Some time ago I made the decision to make a road trip to see Aunty Mo while she was visiting my family in Ohio the last week in May. She hadn’t seen the boys since she moved to Montana a couple of years ago. The decision would have been an easy one if Katie, my wonderful wife, co-pilot, and children’s road trip entertainment director, could make the trip with us. Unfortunately, it was her busy season at work (another reason to hate standardized testing), which left me to make the journey with the two boys alone. I knew how much Aunty Mo wanted to see the boys, though, so not going was never really an option.
I made the decision to go about a month ago. This gave me way too much time to consider all the things that could go wrong while trapped in a car for over 10 hours with two young boys. It bothered me that I would use a word like trapped. For some perspective, I reminded myself of the Chilean miners trapped underground for 69 days last year before being rescued. Over two months of trapped. I drew little inspiration from this. But it did help me decide that a helmet might be a good idea for the trip.
Last Wednesday morning we packed up the car and began the 500 mile/10 hour journey north. Me driving. The two boys in back. About two hours into the journey I began to play a mind game I play on trips to make them go faster. I turn the trip into a football game, one where the players don’t sell the trophies after they win. I figured two hours of driving meant we were coming up on the end of the first quarter of play (driving time). It felt like a fast first quarter. It felt like I was winning. But just like a football game, momentum can change.
Elliott: “Hey daddy.”
Me: “Yes Elliott.”
Elliott: If it’s a long way to Papa Hoss and Gigi’s house, then that means it’s going to be a long way home too.”
The length of a football game was suddenly longer than I thought.
It was about that time that the first movie of the trip ended. I knew there was little time to waste getting the next show started. An idle DVD player makes for a raucous back seat. I pulled into a rest area to start the next show. When Elliott asked me where we were I told him we were at a rest area. He asked what a rest area was. I told him it was a place where people traveling stop to rest and use the potty. I suppose I should have followed that up by asking them if they needed to go to the potty, but I assumed my definition would have triggered a request on their part. They have no problem letting me know when they have to go. They were more interested in helping to choose the next movie.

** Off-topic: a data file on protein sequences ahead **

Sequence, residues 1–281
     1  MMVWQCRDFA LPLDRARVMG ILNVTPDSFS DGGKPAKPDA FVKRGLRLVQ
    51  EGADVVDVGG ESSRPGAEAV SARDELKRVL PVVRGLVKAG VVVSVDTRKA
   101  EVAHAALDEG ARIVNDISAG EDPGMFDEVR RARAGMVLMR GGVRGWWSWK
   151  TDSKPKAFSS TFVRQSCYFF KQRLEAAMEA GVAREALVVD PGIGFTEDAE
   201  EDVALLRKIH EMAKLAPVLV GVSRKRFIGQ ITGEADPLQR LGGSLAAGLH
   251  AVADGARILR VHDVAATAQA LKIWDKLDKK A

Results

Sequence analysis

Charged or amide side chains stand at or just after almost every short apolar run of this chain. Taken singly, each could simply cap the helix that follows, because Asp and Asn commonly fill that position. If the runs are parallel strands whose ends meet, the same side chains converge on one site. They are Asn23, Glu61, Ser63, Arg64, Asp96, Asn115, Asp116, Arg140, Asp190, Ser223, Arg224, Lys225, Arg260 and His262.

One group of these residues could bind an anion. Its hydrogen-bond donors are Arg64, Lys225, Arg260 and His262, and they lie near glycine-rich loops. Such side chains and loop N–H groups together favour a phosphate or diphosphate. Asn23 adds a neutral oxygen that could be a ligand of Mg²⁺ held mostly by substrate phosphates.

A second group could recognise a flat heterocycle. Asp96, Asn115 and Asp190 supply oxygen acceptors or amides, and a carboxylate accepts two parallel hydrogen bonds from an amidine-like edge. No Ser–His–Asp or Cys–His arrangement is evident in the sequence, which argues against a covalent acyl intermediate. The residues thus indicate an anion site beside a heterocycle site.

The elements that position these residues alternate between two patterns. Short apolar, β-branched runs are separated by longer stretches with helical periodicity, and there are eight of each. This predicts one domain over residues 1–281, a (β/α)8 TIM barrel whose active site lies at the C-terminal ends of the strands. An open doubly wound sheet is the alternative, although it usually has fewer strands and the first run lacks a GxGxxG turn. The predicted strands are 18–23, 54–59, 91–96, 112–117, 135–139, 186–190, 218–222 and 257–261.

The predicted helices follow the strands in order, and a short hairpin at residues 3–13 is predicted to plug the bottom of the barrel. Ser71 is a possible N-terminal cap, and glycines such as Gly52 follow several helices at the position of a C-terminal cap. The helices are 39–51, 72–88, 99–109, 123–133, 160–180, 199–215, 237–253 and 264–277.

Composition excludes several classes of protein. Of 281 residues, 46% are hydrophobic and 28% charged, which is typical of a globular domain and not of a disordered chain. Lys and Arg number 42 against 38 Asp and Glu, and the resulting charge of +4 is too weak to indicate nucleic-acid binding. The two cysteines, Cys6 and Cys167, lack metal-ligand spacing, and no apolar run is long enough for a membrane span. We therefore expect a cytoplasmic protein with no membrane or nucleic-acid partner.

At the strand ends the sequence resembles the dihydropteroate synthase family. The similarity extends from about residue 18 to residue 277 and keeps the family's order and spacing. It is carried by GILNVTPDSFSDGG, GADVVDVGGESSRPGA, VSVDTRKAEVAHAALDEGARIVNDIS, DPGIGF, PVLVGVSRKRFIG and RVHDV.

As we pulled back onto the highway, Tom and Jerry began a loud, hour long chase scene behind me. The boys were into it. Into it until we were about two miles beyond the rest area. That’s when Elliott let me know he had to go to the potty. I guess my rest area definition was a bit vague.
Speaking of rest areas. Either they’ve lowered the height of urinals, or Elliott is growing. This ended up being the biggest challenge of the trip. Ian has reached the age where “I can do it myself.” So when he saw Elliott standing and peeing, he decided he needed to stand and pee as well. Only the urinals haven’t dropped that low. So if I wasn’t quick enough to catch Ian before he had his drawers dropped, he’d be standing against a urinal, looking over at his brother using the one next to him, and sending a stream of his most recent cup of apple juice flowing under the urinal onto the floor. Most of the men using the facility at the same time as us were dads. The look of pity on their faces as I wrestled two half naked boys in the bathroom confirmed it.
Outside of the frequent stops, I couldn’t have asked for better boys. (The potty break frequency picked up once Ian figured out I refused to stop when he said he wanted to get out of his seat, but I would leave tire tread on the road when the car ground to a stop at the words “I have to use the potty.”)
The trip would have been worth it if when getting out of the car I felt like I had climbed out of a mine after a few months of entrapment. Aunty Mo has always been good to all of us kids, and she was not different with Ian and Elliott. Elliott even considered giving her a hug and a kiss, and he doesn’t think about hugging or kissing any women these days. I am grateful that the boys can spend time surrounded by family and create memories like the ones that live with me today. It was also nice after the long drive to have aunts and uncles and grandparents and big cousins pouring energy into the boys. Because when someone else is pouring, I’m not. If only they could drive.
THE SKY LOOKS DIFFERENT IN OHIO
YOU CAN GET MORE AIR UNDERNEATH YOU
OUR BOYS WILL HAVE A TRAMPOLINE INCLUDED IN YOUR SANTA LETTERS THIS YEAR
PAPA HOSS HELPS IAN DO SOME JUMPING OF HIS OWN
AUNTY MO AND THE COUSINS AT THE COLUMBUS ZOO
WHAT ARE YOU TWO BOYS LOOKING AT?
A POLAR BEAR LOOKING FOR SOMETHING TO EAT
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